Democrat Civil War in New York State?
A couple of months removed from election victory, Governor Kathy Hochul is facing mutiny.
New York’s Democrat Governor Kathy Hochul is in the fight of her political life just weeks after being elected the state’s first female governor. It couldn’t happen to a “nicer” lady.
Hochul fell into the job in 2021 after the well-deserved resignation of her lecherous predecessor, Andrew Cuomo. As one of the nation’s worst “Branch Covidians,” she then barely won the 2022 contest because she underestimated her Republican opponent, former Representative Lee Zeldin.
Hochul got into a mess last week when the progressive wing of New York’s ruling Democrat Party marshaled forces to reject her nominee for chief judge of the Court of Appeals, New York’s highest court.
In New York, statewide judicial nominees must be cleared by the state Senate Judiciary Committee before being voted up or down by the full Senate. This is generally a formality, as the committee has never voted down a governor’s nominee for chief judge. By outward appearances it also should have been a slam dunk for Hochul. Democrats hold a supermajority in both chambers of the state legislature, and the nominee checked all the boxes for a Democrat nominee.
Hector LaSalle is currently the presiding justice of the New York State Supreme Court’s Appellate Division covering Brooklyn, appointed by Cuomo in 2021. Prior to that, he served in the state attorney general’s office and held other appointed positions in appellate courts.
Hochul thought she was picking a respected jurist when she nominated LaSalle on December 22, an added bonus being that he would be New York’s first Latino chief judge of the Court of Appeals. But opposition to LaSalle appeared almost immediately from within the state Democrat coalition, many of whom consider Lasalle to be too — wait for it — conservative.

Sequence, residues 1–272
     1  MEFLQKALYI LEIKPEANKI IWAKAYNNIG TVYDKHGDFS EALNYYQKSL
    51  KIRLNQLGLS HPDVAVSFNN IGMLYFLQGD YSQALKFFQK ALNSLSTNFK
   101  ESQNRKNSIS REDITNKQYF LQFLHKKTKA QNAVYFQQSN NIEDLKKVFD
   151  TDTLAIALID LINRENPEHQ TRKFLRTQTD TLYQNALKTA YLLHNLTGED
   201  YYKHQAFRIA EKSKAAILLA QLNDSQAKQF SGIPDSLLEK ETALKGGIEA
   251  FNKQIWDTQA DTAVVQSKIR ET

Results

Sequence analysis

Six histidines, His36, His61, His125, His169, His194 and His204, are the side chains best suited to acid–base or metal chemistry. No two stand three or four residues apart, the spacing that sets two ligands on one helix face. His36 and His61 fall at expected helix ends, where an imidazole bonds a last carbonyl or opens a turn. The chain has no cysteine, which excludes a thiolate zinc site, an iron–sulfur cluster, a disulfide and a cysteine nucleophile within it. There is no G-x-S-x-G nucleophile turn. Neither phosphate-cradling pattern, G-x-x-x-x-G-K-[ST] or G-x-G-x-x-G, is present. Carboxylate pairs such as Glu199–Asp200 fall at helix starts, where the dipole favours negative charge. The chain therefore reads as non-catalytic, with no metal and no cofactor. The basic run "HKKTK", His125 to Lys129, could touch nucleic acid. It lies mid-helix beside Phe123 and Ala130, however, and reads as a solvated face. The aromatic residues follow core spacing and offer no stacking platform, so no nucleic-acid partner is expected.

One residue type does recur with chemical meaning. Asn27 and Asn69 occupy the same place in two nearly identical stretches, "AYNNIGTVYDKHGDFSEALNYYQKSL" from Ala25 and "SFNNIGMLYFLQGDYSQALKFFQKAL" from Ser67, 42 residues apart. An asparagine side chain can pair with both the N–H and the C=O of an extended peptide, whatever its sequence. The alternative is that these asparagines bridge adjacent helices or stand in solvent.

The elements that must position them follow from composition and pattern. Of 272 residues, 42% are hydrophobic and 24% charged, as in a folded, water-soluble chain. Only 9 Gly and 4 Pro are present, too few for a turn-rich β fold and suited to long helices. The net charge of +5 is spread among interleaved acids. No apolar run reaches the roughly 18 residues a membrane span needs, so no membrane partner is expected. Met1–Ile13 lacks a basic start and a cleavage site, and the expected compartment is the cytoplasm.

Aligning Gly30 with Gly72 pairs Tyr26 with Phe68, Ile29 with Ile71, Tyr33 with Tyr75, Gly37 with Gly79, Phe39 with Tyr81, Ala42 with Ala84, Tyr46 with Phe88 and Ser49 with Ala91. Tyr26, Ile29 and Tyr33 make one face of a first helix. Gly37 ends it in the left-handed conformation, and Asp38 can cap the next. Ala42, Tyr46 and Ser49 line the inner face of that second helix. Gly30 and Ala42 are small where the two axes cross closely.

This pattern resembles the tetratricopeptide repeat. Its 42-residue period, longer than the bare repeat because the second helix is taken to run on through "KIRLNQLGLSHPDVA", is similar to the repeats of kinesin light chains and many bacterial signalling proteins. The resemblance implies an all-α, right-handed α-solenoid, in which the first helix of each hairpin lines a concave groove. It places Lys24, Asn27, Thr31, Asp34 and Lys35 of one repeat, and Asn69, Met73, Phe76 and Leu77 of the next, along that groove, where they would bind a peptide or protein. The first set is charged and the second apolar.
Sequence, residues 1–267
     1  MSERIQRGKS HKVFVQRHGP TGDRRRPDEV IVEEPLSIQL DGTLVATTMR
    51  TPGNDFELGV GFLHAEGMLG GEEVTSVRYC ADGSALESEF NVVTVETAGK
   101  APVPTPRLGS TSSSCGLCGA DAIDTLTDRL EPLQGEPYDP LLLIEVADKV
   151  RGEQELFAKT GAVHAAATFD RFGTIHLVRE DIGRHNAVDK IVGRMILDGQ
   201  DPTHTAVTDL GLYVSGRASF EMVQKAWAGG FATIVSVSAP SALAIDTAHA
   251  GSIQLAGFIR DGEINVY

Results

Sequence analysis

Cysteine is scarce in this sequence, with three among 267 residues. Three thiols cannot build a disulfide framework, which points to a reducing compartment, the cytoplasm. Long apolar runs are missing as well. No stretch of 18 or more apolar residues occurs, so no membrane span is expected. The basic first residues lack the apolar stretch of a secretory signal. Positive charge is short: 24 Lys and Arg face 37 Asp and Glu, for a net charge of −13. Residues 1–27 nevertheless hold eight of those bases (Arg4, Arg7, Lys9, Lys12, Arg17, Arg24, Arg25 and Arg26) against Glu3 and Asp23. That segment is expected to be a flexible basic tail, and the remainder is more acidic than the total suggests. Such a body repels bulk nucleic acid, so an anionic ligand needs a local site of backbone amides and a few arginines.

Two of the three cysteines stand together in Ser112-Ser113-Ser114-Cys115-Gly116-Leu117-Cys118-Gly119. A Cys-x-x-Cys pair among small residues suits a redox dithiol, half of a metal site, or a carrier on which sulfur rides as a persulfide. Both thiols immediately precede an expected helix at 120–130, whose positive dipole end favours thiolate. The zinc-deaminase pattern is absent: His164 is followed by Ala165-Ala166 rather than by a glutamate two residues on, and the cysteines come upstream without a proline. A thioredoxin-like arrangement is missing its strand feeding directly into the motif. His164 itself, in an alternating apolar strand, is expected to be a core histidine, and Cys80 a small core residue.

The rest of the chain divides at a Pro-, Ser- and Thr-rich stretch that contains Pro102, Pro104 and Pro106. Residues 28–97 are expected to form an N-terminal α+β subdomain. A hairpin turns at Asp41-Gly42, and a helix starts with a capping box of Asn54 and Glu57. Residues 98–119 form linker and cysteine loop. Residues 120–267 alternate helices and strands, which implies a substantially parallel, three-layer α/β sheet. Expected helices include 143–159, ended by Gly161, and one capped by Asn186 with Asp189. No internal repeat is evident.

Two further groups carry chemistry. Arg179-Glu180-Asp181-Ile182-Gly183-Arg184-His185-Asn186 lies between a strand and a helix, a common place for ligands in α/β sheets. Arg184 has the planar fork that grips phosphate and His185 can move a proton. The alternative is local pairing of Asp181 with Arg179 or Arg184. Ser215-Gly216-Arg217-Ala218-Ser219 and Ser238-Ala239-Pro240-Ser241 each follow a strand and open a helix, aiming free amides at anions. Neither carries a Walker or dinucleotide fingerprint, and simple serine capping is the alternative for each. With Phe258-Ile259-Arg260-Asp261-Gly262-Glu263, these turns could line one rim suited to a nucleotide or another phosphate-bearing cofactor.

Of course, being “too conservative” in a blue state like New York, which has been under solid Democrat control for decades, is a weighted accusation. LaSalle is not conservative by any traditional sense of the word. Hochul may be trying to pick more agreeable nominees in an attempt to govern from the center in a state that is more Republican than she anticipated before the 2022 election. But she would never pick a real conservative.
No, what rankles Democrats, particularly the lefties of the New York City-based progressive wing, is Lasalle’s voting record on a handful of cases involving abortion rights and unions. A closer look at the cases at issue reveals that LaSalle was actually ruling on the merits, which is not something that leftists like to see. After all, they believe in the rule of power, not the rule of law. In New York State, following the letter of the law instead of outcome-based judgments is indeed “too conservative” for some.
But the state’s progressives are feeling strong. They rallied their forces, picked up support from other Democrats who were likewise unsure of LaSalle’s liberal bona fides, and voted down his Judiciary Committee nomination 10-9. All 10 senators who voted against were Democrats. Two Democrats voted in favor, and one Democrat voted with the committee’s six Republicans in favor “without recommendation.”
Hochul is currently mulling her options. She might pursue litigation to get LaSalle up for a vote by the full Senate, which the state constitution says has the power to advise and consent. At that point, though, LaSalle might be a poison pill that Hochul’s fellow Democrats don’t dare touch.
Hochul backed LaSalle despite clear opposition from several Democrats. Some will make the case that she didn’t have the political knowhow to read the situation and blindly got herself into a jam. It could also be argued that Hochul may indeed be trying to govern from the center and be respectful of all New Yorkers. If that’s the case, then it’s a good sign for more reasoned political debate. But it also means that her biggest enemy in the fight for fairness will be within her own Democrat Party.
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